Business Maverick

Islandsite Investments 180

National Prosecuting Authority throws a legal curveball at Gupta lawyers

National Prosecuting Authority throws a legal curveball at Gupta lawyers
Iqbal Sharma. (Photo: Lihlumelo Toyana)

The National Prosecuting Authority has challenged the legal authority of Gupta lawyers BDK Attorneys to act for one of the family’s companies in restraint proceedings in the Free State.

The National Prosecuting Authority (NPA) has applied for leave to dispute the authority of BDK Attorneys to represent a Gupta-owned company that is currently the subject of an interim restraint order.

“Show us the proof of your authority to act,” is what the NPA effectively is asking of the law firm. 

The Gupta-owned Islandsite Investments 180 is in business rescue and the business rescue practitioners, represented by attorneys Smit Sewgoolam, have not delegated authority to act on behalf of the company to anyone else, the NPA says.

Islandsite was attached in June 2021 when the Investigating Directorate (ID) of the NPA obtained an interim order to secure assets belonging to members of the Gupta family and former associate Iqbal Sharma and his company Nulane Investments 204 pending the outcome of a criminal case. 

Sharma and brothers Atul and Rajesh Gupta along with their wives, Chetali and Arti, are co-accused in a R24.9-million criminal case in the Free State.

Sharma is out on bail of R500,000 while South Africa’s request for Interpol Red Notices in respect of the four fugitive Guptas remains pending.

The NPA’s interim restraint order returned to court on Thursday for argument as to why it should not be made final.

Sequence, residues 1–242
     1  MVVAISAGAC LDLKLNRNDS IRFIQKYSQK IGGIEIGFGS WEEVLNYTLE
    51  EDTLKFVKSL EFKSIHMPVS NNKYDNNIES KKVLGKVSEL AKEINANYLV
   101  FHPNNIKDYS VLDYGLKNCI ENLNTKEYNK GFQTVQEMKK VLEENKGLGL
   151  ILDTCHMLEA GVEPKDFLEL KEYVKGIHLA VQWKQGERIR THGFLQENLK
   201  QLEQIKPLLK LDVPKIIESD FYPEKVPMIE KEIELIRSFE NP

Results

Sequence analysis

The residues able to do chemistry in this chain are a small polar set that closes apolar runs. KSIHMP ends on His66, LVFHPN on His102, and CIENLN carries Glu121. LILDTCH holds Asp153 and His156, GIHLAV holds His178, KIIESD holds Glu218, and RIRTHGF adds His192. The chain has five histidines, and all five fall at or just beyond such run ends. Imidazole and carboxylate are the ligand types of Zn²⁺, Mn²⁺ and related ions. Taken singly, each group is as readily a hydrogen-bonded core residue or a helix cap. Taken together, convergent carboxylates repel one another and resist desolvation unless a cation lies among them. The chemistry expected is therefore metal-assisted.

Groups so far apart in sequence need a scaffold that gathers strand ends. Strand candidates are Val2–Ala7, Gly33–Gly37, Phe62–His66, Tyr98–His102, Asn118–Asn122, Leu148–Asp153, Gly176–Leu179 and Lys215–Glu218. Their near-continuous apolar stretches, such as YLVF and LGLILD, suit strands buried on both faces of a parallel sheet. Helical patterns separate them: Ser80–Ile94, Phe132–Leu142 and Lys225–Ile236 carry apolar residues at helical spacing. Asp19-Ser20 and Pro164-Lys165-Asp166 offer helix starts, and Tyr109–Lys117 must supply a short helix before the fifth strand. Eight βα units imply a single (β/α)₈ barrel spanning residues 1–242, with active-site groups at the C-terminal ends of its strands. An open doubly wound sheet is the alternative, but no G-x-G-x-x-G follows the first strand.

The court is expected to rule on this on November 18, but it is scheduled to decide next week on the NPA’s application in respect of the law firm’s authority to act on behalf of Islandsite.

In court papers, the NPA argues that BDK lacks the legal authority to represent Islandsite. This is because Islandsite is in business rescue and under the legal care of business rescue practitioners (BRPs) Kurt Knoop and Louis Klopper. And the BRPs have confirmed, in correspondence, that they did not delegate authority to anyone else to act on behalf of the company.

An affidavit by Hermione Cronje, head of the ID, says BDK, purporting to act on behalf of the company, had served the NPA with a notice of intention to oppose the restraint. The firm then filed an answering affidavit by longtime Gupta lieutenant Ronica Ragavan in her capacity as a director of Islandsite. (Read Daily Maverick’s archive piece on Ragavan, once described as a Gupta aide like no other, here).

Ragavan, in her affidavit in response to the NPA’s application, maintains there is a dispute about whether or not Islandsite is still in business rescue. And, even if the company was to be in business rescue under the control of the BRPs, Knoop and Klopper could not represent or purport to represent the company in criminal proceedings. 

This, Ragavan says, remains a function of the directors of the company. Besides, the BRPs have no knowledge of the merits of the restraint application or of the alleged criminal charges it stems from. 

This affidavit, Cronje says, did not disclose any authority for Ragavan to represent the company in the restraint matter.

The NPA became aware of an ongoing dispute over control of Islandsite between the Guptas and Knoop and Klopper when the BRPs provided it with an affidavit setting out Islandsite’s assets.